Electric Vehicle Update

Tesla continues to grab the headlines, but how are EVs and PHEVs really doing?

Year over year, the sale of EVs and PHEVs have increased by 29.7%.

Interestingly, the YOY sale of Hybrids has been a negative 8.7%.

Here are year-to-date sales for 2014.

US Sales of Electric Vehicles, Including HEVs YTD 2014

Hybrids (HEVs)

PHEVs

Battery (BEVs)

Total for EVs & PHEVs

January

27,085

2,934

2,971

5,905

February

30,561

3,721

3,324

7,045

March

43,790

4,594

4,578

9,172

April

39,430

4,718

4,187

8,905

May

52,227

6,651

5,802

12,453

June

39,225

6,511

4,982

11,493

July

44,488

5,740

5,693

11,433

August

48,208

5,920

6,483

12,403

September

31,385

3,357

5,983

9,340

Total

356,399

44,146

44,003

88,149

2013 YTD

389,725

32,718

35,261

67,979

YOY %

-8.6%

34.9%

24.8%

29.7%

While a 29.7% increase for EVs and PHEVs seems impressive, the absolute numbers should be very discouraging for those who support these types of vehicles.

When these vehicles were introduced, it was expected that there would be 1,000,000 sold by the end of 2015. This was the forecast made by President Obama.

Total cumulative sales since these vehicles were introduced in 2011 are:

PHEVs = 139,409

EVs = 116,012

Total EVs and PHEVs, 2011 – 2014 ytd = 255,421

Even if sales were to increase 30% every year, it wouldn’t be until 2020 that there would be one million of these vehicles on the road. This should be compared with the 250 million cars and light trucks currently on the road, to gain a perspective on the value of EVs and PHEVs in reducing the consumption of oil, or reducing CO2 emissions.

Volt and Leaf
Volt and Leaf

It also brings into question whether the proposed $5 billion dollar battery factory will be a sound investment, or a good use of tax payer subsidies with perhaps $1.5 billion in subsidies from Nevada alone.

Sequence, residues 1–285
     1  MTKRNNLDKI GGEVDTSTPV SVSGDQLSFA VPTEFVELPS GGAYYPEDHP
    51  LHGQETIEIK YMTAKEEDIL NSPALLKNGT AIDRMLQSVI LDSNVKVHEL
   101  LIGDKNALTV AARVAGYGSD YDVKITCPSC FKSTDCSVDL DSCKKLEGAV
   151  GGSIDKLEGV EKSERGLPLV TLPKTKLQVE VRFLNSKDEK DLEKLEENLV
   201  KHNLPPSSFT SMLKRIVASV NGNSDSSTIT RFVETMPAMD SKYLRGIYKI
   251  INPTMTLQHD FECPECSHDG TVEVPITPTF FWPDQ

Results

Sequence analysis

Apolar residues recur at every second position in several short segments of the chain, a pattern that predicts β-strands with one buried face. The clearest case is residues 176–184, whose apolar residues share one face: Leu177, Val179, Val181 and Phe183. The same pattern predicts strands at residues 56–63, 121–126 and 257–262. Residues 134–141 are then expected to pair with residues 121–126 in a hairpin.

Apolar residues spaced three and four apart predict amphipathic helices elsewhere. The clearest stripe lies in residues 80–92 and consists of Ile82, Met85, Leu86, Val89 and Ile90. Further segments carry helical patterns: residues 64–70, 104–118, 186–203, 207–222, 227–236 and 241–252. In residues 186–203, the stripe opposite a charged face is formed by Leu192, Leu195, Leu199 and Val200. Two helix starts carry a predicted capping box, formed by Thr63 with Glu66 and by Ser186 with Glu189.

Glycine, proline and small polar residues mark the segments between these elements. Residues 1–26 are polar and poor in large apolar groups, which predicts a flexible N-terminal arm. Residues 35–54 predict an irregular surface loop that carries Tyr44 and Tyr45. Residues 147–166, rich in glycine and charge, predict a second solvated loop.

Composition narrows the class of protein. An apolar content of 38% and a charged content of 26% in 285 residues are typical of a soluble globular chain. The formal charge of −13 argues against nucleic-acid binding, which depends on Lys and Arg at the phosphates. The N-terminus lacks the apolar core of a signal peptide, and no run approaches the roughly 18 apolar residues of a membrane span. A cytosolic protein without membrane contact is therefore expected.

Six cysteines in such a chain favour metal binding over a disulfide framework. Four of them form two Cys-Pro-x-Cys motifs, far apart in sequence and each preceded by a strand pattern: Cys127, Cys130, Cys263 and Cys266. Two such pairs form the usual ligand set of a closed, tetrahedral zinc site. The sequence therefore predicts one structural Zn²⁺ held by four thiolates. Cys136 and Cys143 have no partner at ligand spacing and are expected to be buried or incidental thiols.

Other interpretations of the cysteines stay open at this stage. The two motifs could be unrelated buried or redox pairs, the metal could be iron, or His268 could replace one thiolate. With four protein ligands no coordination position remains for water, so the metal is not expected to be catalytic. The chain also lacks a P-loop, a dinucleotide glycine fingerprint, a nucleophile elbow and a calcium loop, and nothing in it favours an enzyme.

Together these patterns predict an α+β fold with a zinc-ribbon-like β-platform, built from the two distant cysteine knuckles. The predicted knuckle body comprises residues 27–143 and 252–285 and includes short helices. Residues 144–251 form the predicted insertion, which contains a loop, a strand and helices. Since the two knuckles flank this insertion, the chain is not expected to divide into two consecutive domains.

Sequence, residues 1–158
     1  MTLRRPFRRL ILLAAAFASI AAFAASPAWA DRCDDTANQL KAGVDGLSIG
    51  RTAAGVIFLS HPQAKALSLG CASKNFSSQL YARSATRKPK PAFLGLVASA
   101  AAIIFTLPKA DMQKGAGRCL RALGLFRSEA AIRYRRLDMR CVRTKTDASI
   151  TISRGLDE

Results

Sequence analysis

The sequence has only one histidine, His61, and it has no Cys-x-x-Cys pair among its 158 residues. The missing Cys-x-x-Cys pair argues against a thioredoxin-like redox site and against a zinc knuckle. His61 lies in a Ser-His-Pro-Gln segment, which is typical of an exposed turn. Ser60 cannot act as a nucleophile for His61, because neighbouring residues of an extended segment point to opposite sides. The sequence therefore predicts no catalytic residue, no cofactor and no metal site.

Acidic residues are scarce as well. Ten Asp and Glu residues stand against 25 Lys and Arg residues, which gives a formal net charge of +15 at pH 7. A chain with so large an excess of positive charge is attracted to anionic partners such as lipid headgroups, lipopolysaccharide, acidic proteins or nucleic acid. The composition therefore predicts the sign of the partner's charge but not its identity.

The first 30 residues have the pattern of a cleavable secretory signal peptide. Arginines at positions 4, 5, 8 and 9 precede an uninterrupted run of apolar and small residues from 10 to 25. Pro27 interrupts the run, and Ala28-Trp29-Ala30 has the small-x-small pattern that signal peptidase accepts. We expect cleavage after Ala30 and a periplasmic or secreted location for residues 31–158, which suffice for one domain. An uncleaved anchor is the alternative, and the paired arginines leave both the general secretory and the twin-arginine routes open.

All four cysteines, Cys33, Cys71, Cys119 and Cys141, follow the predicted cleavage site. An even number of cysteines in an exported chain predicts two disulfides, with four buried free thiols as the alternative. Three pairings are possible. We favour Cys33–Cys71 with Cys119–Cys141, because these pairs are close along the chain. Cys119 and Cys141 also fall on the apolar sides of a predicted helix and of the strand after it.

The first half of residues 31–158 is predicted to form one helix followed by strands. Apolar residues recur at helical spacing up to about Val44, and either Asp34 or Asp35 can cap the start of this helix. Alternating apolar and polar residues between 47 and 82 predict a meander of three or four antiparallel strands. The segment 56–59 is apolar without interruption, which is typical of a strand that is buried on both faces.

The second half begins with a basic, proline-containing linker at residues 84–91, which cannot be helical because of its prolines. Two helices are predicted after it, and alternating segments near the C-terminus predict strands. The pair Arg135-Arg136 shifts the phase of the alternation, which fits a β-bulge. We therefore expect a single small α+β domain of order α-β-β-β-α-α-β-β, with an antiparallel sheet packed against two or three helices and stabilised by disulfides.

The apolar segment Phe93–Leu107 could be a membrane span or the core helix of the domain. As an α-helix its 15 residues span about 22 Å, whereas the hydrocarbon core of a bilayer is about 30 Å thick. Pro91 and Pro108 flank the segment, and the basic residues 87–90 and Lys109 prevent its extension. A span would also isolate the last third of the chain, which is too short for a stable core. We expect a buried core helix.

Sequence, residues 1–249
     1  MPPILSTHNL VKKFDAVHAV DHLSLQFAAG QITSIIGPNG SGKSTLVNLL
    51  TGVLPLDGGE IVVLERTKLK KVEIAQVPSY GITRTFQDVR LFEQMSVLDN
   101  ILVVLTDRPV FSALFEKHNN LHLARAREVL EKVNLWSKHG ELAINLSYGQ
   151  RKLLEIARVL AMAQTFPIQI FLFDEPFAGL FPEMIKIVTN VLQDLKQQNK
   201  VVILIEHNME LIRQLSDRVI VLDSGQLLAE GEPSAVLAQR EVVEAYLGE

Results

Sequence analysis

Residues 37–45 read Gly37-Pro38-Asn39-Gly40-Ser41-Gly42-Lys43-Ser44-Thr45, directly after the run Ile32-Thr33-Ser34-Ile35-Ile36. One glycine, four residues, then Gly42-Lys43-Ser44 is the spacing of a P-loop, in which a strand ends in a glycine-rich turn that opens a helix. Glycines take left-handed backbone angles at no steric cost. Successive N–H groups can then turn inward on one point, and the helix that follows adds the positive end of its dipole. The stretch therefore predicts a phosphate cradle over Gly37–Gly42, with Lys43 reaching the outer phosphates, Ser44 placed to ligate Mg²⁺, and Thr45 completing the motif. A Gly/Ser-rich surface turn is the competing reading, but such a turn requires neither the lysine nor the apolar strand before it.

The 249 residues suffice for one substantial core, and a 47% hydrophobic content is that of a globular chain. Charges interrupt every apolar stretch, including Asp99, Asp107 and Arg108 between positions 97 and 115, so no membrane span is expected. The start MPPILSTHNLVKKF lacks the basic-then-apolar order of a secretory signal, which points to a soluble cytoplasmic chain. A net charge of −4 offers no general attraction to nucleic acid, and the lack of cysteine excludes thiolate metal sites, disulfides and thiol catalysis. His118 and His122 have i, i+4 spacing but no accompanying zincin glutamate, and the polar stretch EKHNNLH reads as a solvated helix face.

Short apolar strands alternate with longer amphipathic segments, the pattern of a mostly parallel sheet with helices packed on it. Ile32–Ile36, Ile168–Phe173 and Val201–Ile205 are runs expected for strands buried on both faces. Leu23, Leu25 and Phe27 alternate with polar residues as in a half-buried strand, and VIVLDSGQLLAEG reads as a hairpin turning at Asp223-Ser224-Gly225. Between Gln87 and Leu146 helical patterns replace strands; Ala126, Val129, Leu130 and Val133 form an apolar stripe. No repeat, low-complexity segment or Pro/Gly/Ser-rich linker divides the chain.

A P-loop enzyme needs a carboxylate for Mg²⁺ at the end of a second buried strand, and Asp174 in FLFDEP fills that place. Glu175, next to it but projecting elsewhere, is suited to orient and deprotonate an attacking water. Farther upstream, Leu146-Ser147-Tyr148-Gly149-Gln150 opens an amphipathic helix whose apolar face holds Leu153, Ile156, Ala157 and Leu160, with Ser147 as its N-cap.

The factory is being built to support the sale of 500,000 EVs per year, by 2020.

It’s important to recognize that HEVs, such as the Prius, are not the same as EVs and PHEVs.

They do not recharge their batteries from the grid and have no effect on the grid, whereas EVs and PHEVs do affect the grid as explained in the next article.

HEVs use electric motors to improve the overall efficiency of a vehicle powered by an internal combustion engine. HEVs use gasoline, or diesel fuel, as the primary source of energy for propelling the vehicle.

This is different from EVs, which are designed to use only batteries and eliminate the use of gasoline, and PHEVs, which are intended to use battery power for commuting distances. EVs have a range of around 100 miles, while PHEVs have a range of around 35 miles on battery power, and use an auxiliary internal combustion engine to allow the PHEV to travel longer distances.

Some commentators mistakenly combine HEVs, EVs and PHEVs when describing electric vehicles. This distorts the actual market penetration of cars that rely on battery power, either exclusively, such as the Tesla, an EV, or for commuting distances, such as the GM Volt, a PHEV.

Half of the EVs sold so far this year have reportedly been the Nissan Leaf. Tesla doesn’t report its sales by country, so Tesla’s U.S. sales are unknown.

Starting prices are around $29,000 for the Nissan Leaf and $69,000 for the Tesla S. Tesla is betting that the new giga factory can bring the cost of the Lithium-ion battery down by 30%, so that its new lower-price model can be competitive.

Whether this is achievable will have to be seen.

So far, EVs and PHEVs have been toys for the rich and famous, with middle class families subsidizing these purchases with tax payer dollars.

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3 Replies to “Electric Vehicle Update”

  1. Um, Teslas have ranges from 200-300 miles, and growing. And are the fastest sedans on the planet. Their charging needs are mostly met at night, when utilities are begging for users.

    They have no meaningful competition.

  2. While specifics on the plan, such as which cities and regions it will target and what models of vehicle the charging points would be compatible with, are yet to be revealed, the disclosure on the amount of funding is the latest in a line of events to suggest that China is looking to make itself the major market for electric transport. On the public side, the government has already provided tax breaks to domestic EV manufacturers BYD and Kandi Technologies Group as part of its attempts to cut carbon emissions and boost environmental sustainability.

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